One night I took a red-eye flight back from the West Coast so I could attend an early-morning minyan near Newark Airport, because any of the available flights the next morning would have caused me to miss saying Kaddish altogether that day. Another time, I found a minyan in Orlando where everyone was a Moroccan Jew and the only languages spoken were Hebrew and French. There is a minyan in San Francisco that meets every afternoon in a Trolley car, and another in Manhattan that meets on Track 42 at Grand Central Terminal. And come spring, I know I won’t have any problem finding a minyan during home games at Yankee Stadium, just past the kosher hot-dog stand.
The fact is that makeshift synagogues where Jews can gather to say Kaddish are ubiquitous. They spring up like mushrooms wherever there are Jews. And for one simple reason: They create community.”
“Unlike some people, Jewish and non-Jewish, who take great comfort in communicating with God,” the author writes, “I am not confident that God even listens to our prayers. Yet I have reoriented my life to accommodate my obligation to say Kaddish. And I do so cheerfully because it links me to Jews across generations and continents. It defines me as a member of the tribe. My tribe.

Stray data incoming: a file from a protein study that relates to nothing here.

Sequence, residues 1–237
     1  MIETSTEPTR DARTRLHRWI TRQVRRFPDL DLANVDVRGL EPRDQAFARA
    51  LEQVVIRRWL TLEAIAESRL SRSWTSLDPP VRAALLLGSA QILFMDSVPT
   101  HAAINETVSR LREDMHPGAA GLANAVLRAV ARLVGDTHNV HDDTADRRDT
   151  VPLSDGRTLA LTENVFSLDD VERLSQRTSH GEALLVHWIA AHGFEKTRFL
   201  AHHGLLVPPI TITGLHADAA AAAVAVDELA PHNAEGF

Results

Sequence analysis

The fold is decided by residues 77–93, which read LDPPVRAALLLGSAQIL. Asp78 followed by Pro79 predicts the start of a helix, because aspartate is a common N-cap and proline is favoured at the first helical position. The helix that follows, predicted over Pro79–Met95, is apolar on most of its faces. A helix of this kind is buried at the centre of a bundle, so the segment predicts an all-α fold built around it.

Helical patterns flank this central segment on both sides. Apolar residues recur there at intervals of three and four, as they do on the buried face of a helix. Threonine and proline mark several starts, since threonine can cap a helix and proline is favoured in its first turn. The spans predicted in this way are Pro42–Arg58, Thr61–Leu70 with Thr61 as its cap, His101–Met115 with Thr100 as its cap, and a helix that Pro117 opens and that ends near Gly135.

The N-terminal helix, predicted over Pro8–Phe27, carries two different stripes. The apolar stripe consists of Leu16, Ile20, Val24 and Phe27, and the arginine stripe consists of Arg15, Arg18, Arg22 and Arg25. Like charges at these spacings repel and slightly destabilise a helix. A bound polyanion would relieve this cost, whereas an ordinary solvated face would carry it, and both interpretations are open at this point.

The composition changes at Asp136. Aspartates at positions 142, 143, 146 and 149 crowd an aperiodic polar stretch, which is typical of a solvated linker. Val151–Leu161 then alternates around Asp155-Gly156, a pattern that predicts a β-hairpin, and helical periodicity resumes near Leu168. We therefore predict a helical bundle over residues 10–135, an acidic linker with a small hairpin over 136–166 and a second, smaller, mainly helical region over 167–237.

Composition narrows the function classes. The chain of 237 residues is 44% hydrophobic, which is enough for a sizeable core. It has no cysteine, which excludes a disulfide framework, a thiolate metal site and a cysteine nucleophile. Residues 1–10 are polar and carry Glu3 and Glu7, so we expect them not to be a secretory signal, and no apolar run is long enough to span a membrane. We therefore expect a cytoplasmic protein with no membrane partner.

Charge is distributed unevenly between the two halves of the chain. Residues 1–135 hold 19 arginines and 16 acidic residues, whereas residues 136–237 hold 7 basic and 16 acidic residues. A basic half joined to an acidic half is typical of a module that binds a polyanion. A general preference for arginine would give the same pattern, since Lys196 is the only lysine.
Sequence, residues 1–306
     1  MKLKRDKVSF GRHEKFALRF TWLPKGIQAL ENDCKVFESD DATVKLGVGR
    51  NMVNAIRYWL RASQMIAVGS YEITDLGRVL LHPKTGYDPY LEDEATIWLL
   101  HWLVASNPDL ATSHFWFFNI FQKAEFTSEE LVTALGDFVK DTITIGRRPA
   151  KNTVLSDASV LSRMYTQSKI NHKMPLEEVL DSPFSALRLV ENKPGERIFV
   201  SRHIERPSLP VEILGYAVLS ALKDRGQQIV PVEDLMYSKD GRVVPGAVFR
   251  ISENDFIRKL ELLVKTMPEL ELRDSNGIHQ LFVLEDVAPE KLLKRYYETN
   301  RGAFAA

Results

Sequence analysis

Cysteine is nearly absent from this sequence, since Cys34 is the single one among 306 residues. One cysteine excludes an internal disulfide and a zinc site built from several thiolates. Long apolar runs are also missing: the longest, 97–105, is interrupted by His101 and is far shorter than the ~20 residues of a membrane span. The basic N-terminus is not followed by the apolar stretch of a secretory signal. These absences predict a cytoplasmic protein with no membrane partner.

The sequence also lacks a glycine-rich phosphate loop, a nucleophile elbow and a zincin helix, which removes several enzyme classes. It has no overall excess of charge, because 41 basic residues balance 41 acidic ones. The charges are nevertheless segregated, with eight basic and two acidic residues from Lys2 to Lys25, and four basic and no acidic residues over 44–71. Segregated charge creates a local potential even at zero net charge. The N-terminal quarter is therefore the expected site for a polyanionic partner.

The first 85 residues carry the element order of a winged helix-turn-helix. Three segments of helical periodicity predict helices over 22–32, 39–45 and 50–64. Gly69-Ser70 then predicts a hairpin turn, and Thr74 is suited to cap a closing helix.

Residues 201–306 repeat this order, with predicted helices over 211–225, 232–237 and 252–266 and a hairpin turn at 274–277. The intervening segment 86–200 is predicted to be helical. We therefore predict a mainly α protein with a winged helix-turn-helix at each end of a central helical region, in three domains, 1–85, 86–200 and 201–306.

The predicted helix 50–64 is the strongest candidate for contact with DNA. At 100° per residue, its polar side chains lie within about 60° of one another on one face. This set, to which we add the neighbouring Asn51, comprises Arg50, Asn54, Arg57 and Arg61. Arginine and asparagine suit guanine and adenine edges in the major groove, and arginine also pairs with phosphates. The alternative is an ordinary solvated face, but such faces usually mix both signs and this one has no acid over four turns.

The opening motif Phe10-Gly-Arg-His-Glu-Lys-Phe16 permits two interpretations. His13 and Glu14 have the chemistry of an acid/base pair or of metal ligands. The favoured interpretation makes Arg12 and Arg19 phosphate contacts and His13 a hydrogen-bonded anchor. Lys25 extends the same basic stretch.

That is the essential gift of the Kaddish. It fosters community for a person who has just suffered a searing loss of a parent or sibling, spouse or child, even when we find ourselves far from home.
Even if the words themselves offer little comfort, I take great satisfaction in this communal act of prayer; of hearing the voices of others respond to my own prayers; and of being welcomed and enveloped by a larger and transcendent community. And in that experience, I honor and reconnect with my father.”
Now I hesitated before sharing such an article. After all, I do believe that G-d listens to our prayers. I do believe that G-d runs the world in a way that I cannot fathom, and I, as opposed to the author, am comfortable with that notion. But I share it because I believe he is absolutely correct in stating that the role of a mourner saying Kaddish is to inject him or her with a sense of community. And I would add, that it is not only Kaddish. A primary purpose of communal prayer, is to bring us together, to create a sense of family.